When most people think of exercise, they typically think of hitting the indoor gym.

While that may seem like the only practical option during the cold, snowy winter months, or during the blistering heat of summer, there is overwhelming evidence that exercising outdoors, otherwise referred to as green exercise, is better for you – both physically and mentally.

Outdoor training, combines two health-enhancing activities: moving your body and getting outdoors. And the results are exceptional. If you’re looking to enhance your mood, save money and avoid the time and trouble of getting to the gym, look no further than the great outdoors.

Here are five benefits of getting your sweat on with Mother Nature.

You’ll get happier.

Think you need a lush forest or a nearby beach to reap the benefits of outdoor training? Think again. A 2015 study out of Stanford University found that students who walked through a campus park for an hour were less anxious than those who didn’t, and a study published last year found that simply looking at pictures of greenery improves happiness. In other words, all you need is a few trees and a sturdy pair of shoes for a mood boost. Plus, people who exercise outside actually enjoy it more.

You’ll get a stronger workout in.

While running inside on a treadmill is infinitely better than not exercising at all, you’ll likely get a stronger workout in if you take it outside. In a study on running indoors versus outdoors, researchers found that outdoor training exert more energy to cover the same amount of distance as treadmill runners, indicating that if the goal is physical fitness, outdoor workouts are the way to go.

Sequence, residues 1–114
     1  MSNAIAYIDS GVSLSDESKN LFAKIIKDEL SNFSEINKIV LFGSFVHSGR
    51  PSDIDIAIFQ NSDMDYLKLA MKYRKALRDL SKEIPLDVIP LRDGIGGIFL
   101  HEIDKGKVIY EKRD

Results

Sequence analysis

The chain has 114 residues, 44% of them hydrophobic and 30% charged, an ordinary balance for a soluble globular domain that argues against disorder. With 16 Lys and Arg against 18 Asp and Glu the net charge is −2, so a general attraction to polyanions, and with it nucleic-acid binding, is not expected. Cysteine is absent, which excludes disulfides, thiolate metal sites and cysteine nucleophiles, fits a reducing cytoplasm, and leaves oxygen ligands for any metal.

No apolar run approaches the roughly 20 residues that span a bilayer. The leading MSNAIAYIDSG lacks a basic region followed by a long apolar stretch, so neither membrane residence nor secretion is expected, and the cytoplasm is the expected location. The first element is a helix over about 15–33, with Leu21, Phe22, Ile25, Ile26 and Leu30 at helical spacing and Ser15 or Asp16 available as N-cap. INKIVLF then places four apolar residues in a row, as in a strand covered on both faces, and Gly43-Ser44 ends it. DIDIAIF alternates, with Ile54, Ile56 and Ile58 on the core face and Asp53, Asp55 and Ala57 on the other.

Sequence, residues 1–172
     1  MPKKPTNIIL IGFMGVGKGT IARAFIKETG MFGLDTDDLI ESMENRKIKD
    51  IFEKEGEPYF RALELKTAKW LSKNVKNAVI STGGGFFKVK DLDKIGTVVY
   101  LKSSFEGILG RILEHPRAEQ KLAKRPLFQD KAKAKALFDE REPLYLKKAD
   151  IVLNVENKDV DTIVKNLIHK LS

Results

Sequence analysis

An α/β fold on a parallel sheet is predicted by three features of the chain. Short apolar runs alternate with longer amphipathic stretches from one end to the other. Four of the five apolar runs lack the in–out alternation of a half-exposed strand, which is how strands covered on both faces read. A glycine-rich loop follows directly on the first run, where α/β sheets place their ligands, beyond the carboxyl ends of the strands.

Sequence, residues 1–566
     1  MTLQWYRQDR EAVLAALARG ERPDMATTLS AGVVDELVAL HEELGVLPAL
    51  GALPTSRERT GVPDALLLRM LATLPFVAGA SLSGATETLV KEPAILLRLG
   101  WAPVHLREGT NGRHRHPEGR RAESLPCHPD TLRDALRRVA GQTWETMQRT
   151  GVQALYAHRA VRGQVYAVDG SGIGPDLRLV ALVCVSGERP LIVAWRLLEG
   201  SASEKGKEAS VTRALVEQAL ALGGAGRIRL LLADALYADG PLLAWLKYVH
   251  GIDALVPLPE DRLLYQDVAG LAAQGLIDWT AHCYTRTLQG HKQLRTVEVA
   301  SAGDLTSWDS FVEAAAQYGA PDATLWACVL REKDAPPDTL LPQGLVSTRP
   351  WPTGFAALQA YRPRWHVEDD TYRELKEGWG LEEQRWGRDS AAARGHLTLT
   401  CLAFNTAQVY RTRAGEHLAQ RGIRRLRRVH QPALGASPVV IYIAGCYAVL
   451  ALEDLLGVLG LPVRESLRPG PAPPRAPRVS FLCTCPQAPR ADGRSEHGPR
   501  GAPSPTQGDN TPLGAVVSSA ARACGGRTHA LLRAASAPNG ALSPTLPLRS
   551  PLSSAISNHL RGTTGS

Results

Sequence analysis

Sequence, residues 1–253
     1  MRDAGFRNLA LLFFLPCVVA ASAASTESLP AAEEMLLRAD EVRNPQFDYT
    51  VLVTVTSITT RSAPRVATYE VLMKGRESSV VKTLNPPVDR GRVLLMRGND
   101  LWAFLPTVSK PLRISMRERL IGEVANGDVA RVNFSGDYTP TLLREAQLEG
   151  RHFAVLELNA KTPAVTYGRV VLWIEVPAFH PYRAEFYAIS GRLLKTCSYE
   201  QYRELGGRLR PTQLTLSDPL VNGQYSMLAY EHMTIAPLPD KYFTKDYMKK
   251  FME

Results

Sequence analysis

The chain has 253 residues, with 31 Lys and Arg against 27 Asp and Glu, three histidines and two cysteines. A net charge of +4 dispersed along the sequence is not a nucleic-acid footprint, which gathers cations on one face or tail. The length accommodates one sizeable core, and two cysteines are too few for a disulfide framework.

Your immune system will get stronger.

If you haven’t heard of forest bathing, you’re missing out. The decades-old Japanese practice encourages people to get outside and take a walk in nature not just for the mental health benefits but because it improves the immune system. “Trees shower (or bathe) themselves in an antimicrobial, antifungal, antibacterial compound called phytoncides,” explains Ben Page, founder of Shinrin Yoku LA. “This is how trees combat disease. When humans inhale these phytoncides, it triggers the human body to produce a specialized white blood cell called NK cells, or Natural Killer cells.” These NK cells then attack cancerous and tumorous growths in the body, improving immune strength.

You’ll improve your heart health and lower your blood pressure.

Want to live longer? Outdoor training can help with that. A study published in PubMed found that immersing yourself in nature lowers cortisol, pulse rate, and blood pressure. That’s an impressive fix.

You’re less likely to get injured.

Here’s a surprising one: People who take their exercise outside are less likely to suffer from injury. The repetitive pounding on a treadmill with no change in terrain can be tough on the body, leading to overuse injuries. When people run outside, they’re more likely to flex their ankles more and be met with downhill terrain, leading to stronger, more resilient muscles overall.

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